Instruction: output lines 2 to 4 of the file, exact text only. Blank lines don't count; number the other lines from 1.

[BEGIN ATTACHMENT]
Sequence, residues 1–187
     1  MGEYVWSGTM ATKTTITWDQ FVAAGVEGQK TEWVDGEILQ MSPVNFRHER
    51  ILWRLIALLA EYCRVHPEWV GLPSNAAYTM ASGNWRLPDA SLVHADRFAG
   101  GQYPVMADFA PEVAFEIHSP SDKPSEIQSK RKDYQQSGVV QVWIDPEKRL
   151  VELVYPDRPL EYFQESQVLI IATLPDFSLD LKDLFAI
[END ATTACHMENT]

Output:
     1  MGEYVWSGTM ATKTTITWDQ FVAAGVEGQK TEWVDGEILQ MSPVNFRHER
    51  ILWRLIALLA EYCRVHPEWV GLPSNAAYTM ASGNWRLPDA SLVHADRFAG
   101  GQYPVMADFA PEVAFEIHSP SDKPSEIQSK RKDYQQSGVV QVWIDPEKRL